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Salty Sisters

Salty Sisters

Please check out our video segment below:

Sea Salt Candy Company

Among the many vendors I met at The Maritime Museum Chocolate Festival, one of the stand outs was Gretchen Bender of The Sea Salt Candy Company in Vista, CA, home of Salty Sisters candies, which offers some astoundingly delicious treats, toffees, caramels, even a line of toppings and sauces, all of which are handmade, and boast unique flavour combinations your not likely to find elsewhere. I highly recommend their Chile Verde Caramel, while my fiance has fallen in love with their Dark Chocolate Java Toffee. On a recent visit to their retail store  I discovered shelves absolutely covered with endless arrays of tastes, all of which I hope to one day sample.

I was greeted by Gretchen, who invited us inside her candy shoppe. The walls were painted a vibrant sea-foam teal, and every horizontal surface was festooned with the offerings that have made Salty Sisters into local sensation. One taste and it becomes immediately apparent that the women behind Salty Sisters have struck gold. Their candy satisfies two cravings that seem to universally haunt us all, that being the perpetual ache of the sweet tooth and that lip smacking yearning for something good and salty. No longer do we have to chose either or! Salty Sisters’ delicately balanced confections will have your taste buds rejoicing.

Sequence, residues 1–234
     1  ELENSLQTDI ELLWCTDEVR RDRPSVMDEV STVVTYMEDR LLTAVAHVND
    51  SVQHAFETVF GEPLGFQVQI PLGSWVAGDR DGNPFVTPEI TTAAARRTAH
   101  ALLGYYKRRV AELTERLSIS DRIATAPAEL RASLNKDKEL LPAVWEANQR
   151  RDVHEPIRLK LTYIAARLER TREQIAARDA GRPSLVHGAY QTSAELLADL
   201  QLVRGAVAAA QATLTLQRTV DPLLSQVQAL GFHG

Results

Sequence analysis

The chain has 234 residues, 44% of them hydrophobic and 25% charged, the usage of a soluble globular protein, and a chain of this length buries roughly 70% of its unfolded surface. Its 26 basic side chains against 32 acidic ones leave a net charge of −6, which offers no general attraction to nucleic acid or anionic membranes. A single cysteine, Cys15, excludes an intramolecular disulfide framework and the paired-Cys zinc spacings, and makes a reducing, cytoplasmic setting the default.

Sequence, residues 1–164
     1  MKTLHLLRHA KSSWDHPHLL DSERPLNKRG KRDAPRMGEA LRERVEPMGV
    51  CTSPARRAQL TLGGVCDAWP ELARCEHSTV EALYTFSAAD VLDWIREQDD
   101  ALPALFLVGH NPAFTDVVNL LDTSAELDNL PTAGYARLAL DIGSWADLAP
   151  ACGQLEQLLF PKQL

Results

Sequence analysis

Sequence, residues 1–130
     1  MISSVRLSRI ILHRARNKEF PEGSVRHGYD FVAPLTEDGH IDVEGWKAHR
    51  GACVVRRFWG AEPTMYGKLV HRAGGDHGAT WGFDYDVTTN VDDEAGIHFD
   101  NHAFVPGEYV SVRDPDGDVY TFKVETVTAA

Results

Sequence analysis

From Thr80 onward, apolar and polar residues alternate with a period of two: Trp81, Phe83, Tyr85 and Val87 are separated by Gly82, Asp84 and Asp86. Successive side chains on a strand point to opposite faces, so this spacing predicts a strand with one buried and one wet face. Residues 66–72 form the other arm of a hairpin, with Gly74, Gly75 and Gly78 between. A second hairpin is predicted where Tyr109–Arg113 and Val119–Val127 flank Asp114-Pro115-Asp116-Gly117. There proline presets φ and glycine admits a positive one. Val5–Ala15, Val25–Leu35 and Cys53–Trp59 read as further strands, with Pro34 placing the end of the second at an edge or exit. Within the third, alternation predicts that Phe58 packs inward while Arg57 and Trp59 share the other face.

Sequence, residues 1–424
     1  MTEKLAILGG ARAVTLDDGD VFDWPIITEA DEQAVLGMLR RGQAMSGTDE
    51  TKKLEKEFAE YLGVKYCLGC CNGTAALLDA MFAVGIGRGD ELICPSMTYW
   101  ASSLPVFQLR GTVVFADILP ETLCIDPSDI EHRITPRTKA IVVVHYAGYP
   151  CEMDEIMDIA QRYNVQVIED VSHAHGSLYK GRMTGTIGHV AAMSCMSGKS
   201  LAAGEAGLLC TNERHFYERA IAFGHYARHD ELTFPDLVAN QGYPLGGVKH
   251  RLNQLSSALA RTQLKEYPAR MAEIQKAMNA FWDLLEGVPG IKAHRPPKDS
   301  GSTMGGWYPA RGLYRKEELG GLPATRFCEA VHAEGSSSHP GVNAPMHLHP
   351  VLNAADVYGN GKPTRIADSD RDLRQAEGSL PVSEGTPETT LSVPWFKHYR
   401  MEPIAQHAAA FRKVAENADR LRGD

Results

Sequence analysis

Salty Sisters was born by Lisa, my business partner and myself. She had a family toffee recipe from her great aunt up in Chico. Her family were all almond growers up there and used to make our “Claim To Fame” toffee with whole almonds off their own trees. It was passed down through the generations made during the holidays.” Looking around I can’t help but wonder to myself how these women were able to translate cherished childhood memories into all of this.

“A couple years ago” Gretchen continues “When Lisa was looking to go back to work when David, our youngest son, was getting ready to go to preschool, she didn’t want to go back to school, she didn’t want to work full time, although we’re working about 60-70 hours a week now… we started looking around and kind of had an epiphany at a chocolate show and realized that her toffee recipe was really something special. So we paired that with my caramel recipe, which I developed when my father had throat cancer. He lost his sense of sweet taste from radiation and so I started making the caramel to satisfy that mouth feel of sweet with the local honey. It’s…very soft, not too sweet and then the addition of the unrefined sea salt on top gave it that real delicious balance of sweet and salty.”

This touches close home for me. Having convalesced a dying family members myself, I fully understand the struggle of bringing joy back into their final days. The idea that Gretchen still had spirit enough to tap into her creativity and love during these dark times is truly a testament to her character, and to the gleeful nature that defines Salty Sisters itself.

“Armed with those two recipes,” Gretchen says, her unsinkable spirit made plain in her voice “We started selling at The Leucadia Farmers Market in July of 2011, and within three months we knew we were on to something.”

Gretchen invited me back to the kitchen to witness yet another one of her and Lisa’s epiphanies, this time at the very moment of creation. I step back through a curtained doorway to the kitchen, where I find Lisa, hard at work over a pan full of her famous toffee. I can’t help but notice small dark shadows that keep passing by her whirling spoon. This batch I am told has whole peppercorns mixed right in. It seems a rather bold choice, but I’ve tasted the end results of these woman’s artful labours, and decide to trust in their judgement.